Visual Translation

Back in 1998, scientists visualized messenger RNA molecules for the first time. These play the biggest role in translation, and for the past few decades, our understanding of the synthesis of proteins has relied solely on what knowledge we currently have on this translation process within a cell. That’s because we have never actually seen the synthesis process happen.

Until now.

For the first time in history,  scientists have seen the actual process as a protein was being synthesized. In this study, scientists at the Albert Einstein College of Medicine developed a technology to visualize the bio-process. The cells in question? Human cancer (osteosarcoma) cells and mouse neurons.

Ultimately, this technology could pave the way to further understanding protein-related diseases on a deeper level.

 

The process of transcription and translation. Credit: Nature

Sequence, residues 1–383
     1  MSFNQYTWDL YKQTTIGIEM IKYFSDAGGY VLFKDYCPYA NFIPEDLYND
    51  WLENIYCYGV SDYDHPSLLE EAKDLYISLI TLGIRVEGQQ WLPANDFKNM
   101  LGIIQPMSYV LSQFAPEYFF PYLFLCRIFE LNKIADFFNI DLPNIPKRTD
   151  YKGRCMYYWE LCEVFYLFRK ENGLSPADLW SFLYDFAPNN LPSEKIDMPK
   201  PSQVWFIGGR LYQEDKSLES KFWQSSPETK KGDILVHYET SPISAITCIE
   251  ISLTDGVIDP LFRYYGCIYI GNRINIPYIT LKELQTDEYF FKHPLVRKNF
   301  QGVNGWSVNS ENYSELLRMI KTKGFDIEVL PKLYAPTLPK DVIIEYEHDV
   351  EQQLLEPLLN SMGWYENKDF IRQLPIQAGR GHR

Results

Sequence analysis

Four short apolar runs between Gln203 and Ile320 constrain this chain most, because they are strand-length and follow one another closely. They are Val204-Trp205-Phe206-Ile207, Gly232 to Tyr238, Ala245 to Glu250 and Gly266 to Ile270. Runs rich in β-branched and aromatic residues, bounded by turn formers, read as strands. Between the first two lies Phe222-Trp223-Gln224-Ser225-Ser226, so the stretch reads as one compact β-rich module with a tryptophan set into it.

Cancer Cells And Neurons

Senior author, Robert Singer, stated that the key differences in the protein synthesis between the two cells is seen in the regulation of the translation process within each of them.

He asserts that protein synthesis in neurons is very strict in the sense that the right amount of protein should be produced at exactly the right place—the synapses—where electrical signals travel to and fro within the body’s nervous system.

With our technology, researchers can now study disease-causing protein aberrations at a very basic level that was never possible before. 

They observed that mRNA translation in mouse neurons occurred in bursts. The researchers hypothesized that uncontrolled bursts of protein synthesis may lead to intellectual disorders and possibly neurodegenerative diseases.

On the other hand, the researchers, surprisingly, found that the human cancer cells had an inability to control the translation process, keeping the synthesis continuous. The scientists noted that proteins define the functions of cells, and this unregulated production may possibly lead to certain types of cancer.

“With our technology, researchers can now study disease-causing protein aberrations at a very basic level that was never possible before,” says Dr. Singer in a press release.

The research was published in Science, detailing how the scientists made use of fluorescent molecules that bind to protein in the process to make it visible. This was developed by Bin Wu PhD, the lead author of the study.


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